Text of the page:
The home secretary, Theresa May, has ordered that the Chinese dissident artist Ai Weiwei should be given a full six-month visa to visit Britain and sent him a written apology after personally intervening in the case.
Britain has dropped a visa restriction on Chinese dissident artist Ai Weiwei, the government said on Friday, and apologized to him following an outcry by human rights groups and Ai’s supporters.
The letter says that Ai’s application was denied because it is a “matter of public record” that the artist had received a criminal conviction in China, and that he had failed to disclose that on his visa form.
Whether it’s a human rights issue – and Ai has been a constant critic of China’s record on this – it’s going to rumble on as a row.
In 2011 Ai was arrested at Beijing Capital worldwide Airport and held for 81 days without charge or trial, meaning he actually has no official criminal convictions against his name.
A separate Instagram post on Thursday said Ai has explained to British officials he has never been charged with or convicted of a crime, but that British authorities have “refused to admit any misjudgment”.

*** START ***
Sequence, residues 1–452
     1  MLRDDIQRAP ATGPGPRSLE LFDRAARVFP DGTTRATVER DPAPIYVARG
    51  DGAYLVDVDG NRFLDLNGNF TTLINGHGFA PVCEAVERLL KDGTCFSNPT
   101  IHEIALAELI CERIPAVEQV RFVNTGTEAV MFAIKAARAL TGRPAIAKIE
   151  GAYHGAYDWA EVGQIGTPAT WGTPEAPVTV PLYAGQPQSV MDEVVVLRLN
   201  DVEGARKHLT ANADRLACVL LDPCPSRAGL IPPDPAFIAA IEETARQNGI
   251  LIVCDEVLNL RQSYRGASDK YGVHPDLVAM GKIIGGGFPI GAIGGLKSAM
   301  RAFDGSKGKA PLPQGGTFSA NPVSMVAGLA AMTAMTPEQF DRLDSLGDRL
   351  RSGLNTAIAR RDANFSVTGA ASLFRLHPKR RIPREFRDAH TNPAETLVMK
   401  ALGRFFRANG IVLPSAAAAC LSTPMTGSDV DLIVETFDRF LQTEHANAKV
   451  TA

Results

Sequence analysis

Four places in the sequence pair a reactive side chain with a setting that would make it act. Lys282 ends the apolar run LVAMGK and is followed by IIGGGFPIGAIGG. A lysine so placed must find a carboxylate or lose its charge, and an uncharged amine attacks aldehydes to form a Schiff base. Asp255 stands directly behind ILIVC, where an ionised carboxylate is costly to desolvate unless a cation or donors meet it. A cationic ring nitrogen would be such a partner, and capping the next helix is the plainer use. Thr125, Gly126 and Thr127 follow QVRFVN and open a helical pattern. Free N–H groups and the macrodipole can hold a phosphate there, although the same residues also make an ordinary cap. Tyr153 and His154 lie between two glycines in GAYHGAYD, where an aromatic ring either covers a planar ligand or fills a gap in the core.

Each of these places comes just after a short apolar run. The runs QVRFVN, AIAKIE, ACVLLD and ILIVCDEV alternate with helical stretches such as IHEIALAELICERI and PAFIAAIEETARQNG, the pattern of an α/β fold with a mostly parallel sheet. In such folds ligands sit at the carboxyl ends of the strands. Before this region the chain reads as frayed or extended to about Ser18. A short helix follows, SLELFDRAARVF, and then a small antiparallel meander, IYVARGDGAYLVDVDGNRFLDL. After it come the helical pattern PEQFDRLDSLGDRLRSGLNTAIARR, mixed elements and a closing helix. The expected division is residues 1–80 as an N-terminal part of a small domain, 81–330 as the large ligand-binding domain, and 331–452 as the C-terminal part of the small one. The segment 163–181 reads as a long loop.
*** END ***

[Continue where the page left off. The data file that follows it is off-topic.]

“The Home Secretary was not consulted over the decision to grant Mr. Ai a one-month visa. This decision is a denial of Ai Weiwei’s rights as an ordinary citizen”, Ai continued, referring to himself.
If the embassy claims that Ai has been economical with the truth in declaring he had no involvement or difficulties with the Chinese authorities, it has misunderstood his case. It means he will not be in the UK when China’s President Xi Jinping makes a state visit in October, prompting speculation that the refusal was politically motivated. Ai will be able to stay in the UK for 20 days in order to attend his show’s opening at London’s Royal Academy of Arts, though he won’t be able to supervise much of the installation. His design firm was later slapped with a $2.4 million tax bill, which he fought unsuccessfully in Chinese courts.
Ai, who often uses his work to draw attention to corruption and injustices in Chinese society, was detained for almost three months in 2011 during a wider crackdown on dissent as the Arab Spring unfolded.